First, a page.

In the wake of the 2006 NFL offseason that amounted to 68 arrests, Rodger Goodell was elected as the Commissioner of the NFL. Six months after his election, Goodell instituted the NFL Player Conduct Policy to halt the tide of criminal acts by NFL players. Prior to its inclusion, NFL players were getting arrested for drunk driving and getting into fights that were fueled by alcohol and other drugs. One of the players that led to the creation of the NFL Conduct Policy was Adam “Pacman” Jones. Jones was known as one the NFL’s troublemakers due to his many altercations with the law enforcement prior to 2007 ("Is Roger Goodell's Personal Conduct Policy Working?" Hansen). Jones was arrested eight times between 2005-2008 but he is most famous for starting a fight with his own bodyguard in October 2007 ("Is Roger Goodell's Personal Conduct Policy Working?" Hansen). Under the new Personal Conduct Policy Jones was suspended for the entire 2007 season ("Is Roger Goodell's Personal Conduct Policy Working?" Hansen). Even with the NFL Player Conduct Policy, NFL players are still being arrested in large numbers and changes need to be made to protect the standards of the NFL and monitor player’s actions off of the field to prevent arrests.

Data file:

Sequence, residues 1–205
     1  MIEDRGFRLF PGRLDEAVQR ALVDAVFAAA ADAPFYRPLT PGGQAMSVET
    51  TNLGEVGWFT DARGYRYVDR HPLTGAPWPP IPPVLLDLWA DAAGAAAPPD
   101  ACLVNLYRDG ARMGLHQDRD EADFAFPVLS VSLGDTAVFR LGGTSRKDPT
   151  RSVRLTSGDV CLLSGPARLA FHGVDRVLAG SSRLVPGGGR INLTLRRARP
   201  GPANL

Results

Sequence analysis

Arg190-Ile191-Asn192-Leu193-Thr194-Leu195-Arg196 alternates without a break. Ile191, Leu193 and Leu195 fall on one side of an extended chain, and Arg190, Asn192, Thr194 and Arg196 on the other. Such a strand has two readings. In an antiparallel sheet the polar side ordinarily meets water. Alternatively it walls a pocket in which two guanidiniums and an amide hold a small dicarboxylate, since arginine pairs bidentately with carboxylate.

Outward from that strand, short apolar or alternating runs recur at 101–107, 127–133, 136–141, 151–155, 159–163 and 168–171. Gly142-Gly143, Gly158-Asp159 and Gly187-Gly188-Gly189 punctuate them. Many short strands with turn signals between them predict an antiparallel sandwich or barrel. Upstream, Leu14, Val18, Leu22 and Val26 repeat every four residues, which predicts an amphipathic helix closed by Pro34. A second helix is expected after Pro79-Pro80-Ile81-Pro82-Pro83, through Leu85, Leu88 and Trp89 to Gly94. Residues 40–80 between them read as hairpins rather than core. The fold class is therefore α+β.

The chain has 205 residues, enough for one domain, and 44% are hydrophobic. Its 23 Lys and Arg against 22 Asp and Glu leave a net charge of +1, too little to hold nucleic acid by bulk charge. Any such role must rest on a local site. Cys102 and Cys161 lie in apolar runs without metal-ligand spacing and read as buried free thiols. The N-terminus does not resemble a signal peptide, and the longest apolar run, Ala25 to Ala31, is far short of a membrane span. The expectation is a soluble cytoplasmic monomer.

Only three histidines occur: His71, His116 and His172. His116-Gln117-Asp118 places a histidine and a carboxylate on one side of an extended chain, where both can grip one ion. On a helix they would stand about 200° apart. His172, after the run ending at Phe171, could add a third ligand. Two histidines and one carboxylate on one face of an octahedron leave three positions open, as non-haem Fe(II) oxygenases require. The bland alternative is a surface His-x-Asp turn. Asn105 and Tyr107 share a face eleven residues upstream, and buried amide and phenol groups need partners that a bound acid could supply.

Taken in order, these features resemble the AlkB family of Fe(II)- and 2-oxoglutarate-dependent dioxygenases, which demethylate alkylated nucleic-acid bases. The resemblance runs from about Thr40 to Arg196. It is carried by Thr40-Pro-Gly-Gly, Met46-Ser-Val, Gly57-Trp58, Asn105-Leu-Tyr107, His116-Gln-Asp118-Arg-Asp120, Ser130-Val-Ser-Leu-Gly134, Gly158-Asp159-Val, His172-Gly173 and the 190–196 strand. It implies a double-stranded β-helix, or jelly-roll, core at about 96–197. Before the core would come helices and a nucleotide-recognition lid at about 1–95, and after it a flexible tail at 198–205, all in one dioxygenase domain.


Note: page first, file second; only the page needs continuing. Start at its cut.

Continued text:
Since its introduction in 2007, the NFL Personal Conduct Policy has served as a set of guidelines for players on and off of the field. The policy is split up into three parts, standards of conduct, discipline, and reinstatement. The standards of conduct include,” criminal offenses including but are not limited to, those involving: the use or threat of violence, domestic violence, and other forms of domestic abuse,” (“NFL Personal Conduct Policy”). On top of that, any conduct that involves law enforcement is subject to discipline. Goodell, stated that,” It is not enough simply to avoid being found guilty of a crime. Instead as an employee of the NFL or a member club, you are held to a higher standard and are expected to conduct yourself in a way that is responsible, [and] promotes the values upon which the league is based, and is lawful,” ("Is Roger Goodell's Personal Conduct Policy Working?" Hansen). Players as well as the rest of the league personnel need to be held to a higher standard in the offseason and off of the field. Just like any other professional athlete, NFL rookies are paid handsomely, and the money and background they come from at the college level tend to get them in trouble.